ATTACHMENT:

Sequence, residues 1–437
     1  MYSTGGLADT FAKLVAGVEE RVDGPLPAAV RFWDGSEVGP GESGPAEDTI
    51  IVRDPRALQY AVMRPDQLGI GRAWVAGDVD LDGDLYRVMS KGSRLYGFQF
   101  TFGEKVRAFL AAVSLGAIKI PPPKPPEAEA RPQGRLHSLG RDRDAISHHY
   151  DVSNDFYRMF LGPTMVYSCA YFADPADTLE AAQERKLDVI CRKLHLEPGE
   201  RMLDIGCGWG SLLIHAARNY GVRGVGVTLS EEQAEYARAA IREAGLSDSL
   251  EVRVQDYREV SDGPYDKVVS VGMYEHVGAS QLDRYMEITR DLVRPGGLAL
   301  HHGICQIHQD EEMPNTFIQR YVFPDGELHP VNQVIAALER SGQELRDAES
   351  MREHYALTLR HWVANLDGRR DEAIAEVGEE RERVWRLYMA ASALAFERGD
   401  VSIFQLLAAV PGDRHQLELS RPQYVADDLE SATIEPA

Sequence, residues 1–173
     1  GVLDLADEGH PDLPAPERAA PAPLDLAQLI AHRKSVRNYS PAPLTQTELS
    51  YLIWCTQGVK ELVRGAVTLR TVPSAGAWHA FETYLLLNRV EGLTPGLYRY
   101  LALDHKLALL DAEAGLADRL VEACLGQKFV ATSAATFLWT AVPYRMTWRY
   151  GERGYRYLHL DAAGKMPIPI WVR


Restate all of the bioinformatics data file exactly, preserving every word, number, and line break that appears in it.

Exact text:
Sequence, residues 1–437
     1  MYSTGGLADT FAKLVAGVEE RVDGPLPAAV RFWDGSEVGP GESGPAEDTI
    51  IVRDPRALQY AVMRPDQLGI GRAWVAGDVD LDGDLYRVMS KGSRLYGFQF
   101  TFGEKVRAFL AAVSLGAIKI PPPKPPEAEA RPQGRLHSLG RDRDAISHHY
   151  DVSNDFYRMF LGPTMVYSCA YFADPADTLE AAQERKLDVI CRKLHLEPGE
   201  RMLDIGCGWG SLLIHAARNY GVRGVGVTLS EEQAEYARAA IREAGLSDSL
   251  EVRVQDYREV SDGPYDKVVS VGMYEHVGAS QLDRYMEITR DLVRPGGLAL
   301  HHGICQIHQD EEMPNTFIQR YVFPDGELHP VNQVIAALER SGQELRDAES
   351  MREHYALTLR HWVANLDGRR DEAIAEVGEE RERVWRLYMA ASALAFERGD
   401  VSIFQLLAAV PGDRHQLELS RPQYVADDLE SATIEPA

Sequence, residues 1–173
     1  GVLDLADEGH PDLPAPERAA PAPLDLAQLI AHRKSVRNYS PAPLTQTELS
    51  YLIWCTQGVK ELVRGAVTLR TVPSAGAWHA FETYLLLNRV EGLTPGLYRY
   101  LALDHKLALL DAEAGLADRL VEACLGQKFV ATSAATFLWT AVPYRMTWRY
   151  GERGYRYLHL DAAGKMPIPI WVR